Backward Spreading of Memory-Retrieval Signal in the Primate Temporal Cortex

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Science  26 Jan 2001:
Vol. 291, Issue 5504, pp. 661-664
DOI: 10.1126/science.291.5504.661

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Bidirectional signaling between neocortex and limbic cortex has been hypothesized to contribute to the retrieval of long-term memory. We tested this hypothesis by comparing the time courses of perceptual and memory-retrieval signals in two neighboring areas in temporal cortex, area TE (TE) and perirhinal cortex (PRh), while monkeys were performing a visual pair-association task. Perceptual signal reached TE before PRh, confirming its forward propagation. In contrast, memory-retrieval signal appeared earlier in PRh, and TE neurons were then gradually recruited to represent the sought target. A reasonable interpretation of this finding is that the rich backward fiber projections from PRh to TE may underlie the activation of TE neurons that represent a visual object retrieved from long-term memory.

Encoding and retrieval of declarative memory depends on the integrity and interaction between the neocortex and the medial temporal lobe system (1, 2). The inferior temporal (IT) cortex, which serves as the storehouse of visual long-term memory (3–10), consists of two cytoarchitectonically distinct but mutually interconnected areas (11, 12): area TE (TE) and the perirhinal cortex (PRh). TE is located at the final stage of the ventral visual pathway (Fig. 1A) (13, 14), whereas PRh is a limbic polymodal association area (1, 2). Forward flow of visual information from TE to area 36 (A36), an immediate adjoining region in PRh, is thought to serve the memory-encoding process (5, 6, 15, 16). Recently, we found that memory neurons are more abundant in PRh (16), and that a neurotrophin, BDNF (brain-derived neurotrophic factor), was selectively induced in PRh during memory formation (17), further supporting the hypothesis of memory storage by neural circuit reorganization. However, the function of the rich backward projection from A36 to TE has not been examined. On the basis of previous observations that IT neurons are dynamically activated by the necessity for memory recall in monkeys (18–20), we hypothesized that the backward projection participates in memory-retrieval processes.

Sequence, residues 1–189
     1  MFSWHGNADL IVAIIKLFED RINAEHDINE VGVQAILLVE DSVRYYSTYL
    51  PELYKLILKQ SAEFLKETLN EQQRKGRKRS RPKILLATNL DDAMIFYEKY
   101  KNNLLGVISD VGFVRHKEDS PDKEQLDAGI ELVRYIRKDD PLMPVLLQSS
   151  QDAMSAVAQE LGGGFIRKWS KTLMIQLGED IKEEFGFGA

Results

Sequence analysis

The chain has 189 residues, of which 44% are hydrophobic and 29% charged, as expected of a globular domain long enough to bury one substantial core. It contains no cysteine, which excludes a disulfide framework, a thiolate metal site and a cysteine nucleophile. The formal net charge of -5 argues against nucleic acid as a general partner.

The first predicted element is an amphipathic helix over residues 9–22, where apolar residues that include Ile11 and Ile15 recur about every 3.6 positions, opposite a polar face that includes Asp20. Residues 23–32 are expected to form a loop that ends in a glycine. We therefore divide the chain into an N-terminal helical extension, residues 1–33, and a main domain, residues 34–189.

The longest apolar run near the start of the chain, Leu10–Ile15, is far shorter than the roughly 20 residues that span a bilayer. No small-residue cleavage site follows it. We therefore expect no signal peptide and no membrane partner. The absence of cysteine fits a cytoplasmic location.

Figure 1

(A) Left panel: Lateral view of a macaque brain. TE is located at the final processing stage of the ventral visual pathway. A36 is thought to be a part of the medial temporal lobe memory system. V4, visual area 4; TEO, area TEO. Right panel: Role of the backward connection from A36 to TE. A36 receives forward visual signal from TE. (B) Sequence of events in a trial of the PA task. Fixation points and cue stimuli were presented at the center of a video monitor. Choice stimuli were presented randomly in two of four positions on the video monitor. (C) Location of recording sites in TE (red) and A36 (green). Left panel: Ventral view of a monkey brain (anterior at the right). Right panel: A part of the coronal cross section (dorsal at the top) indicated by a horizontal line on the ventral view. Scale bars, 10 mm.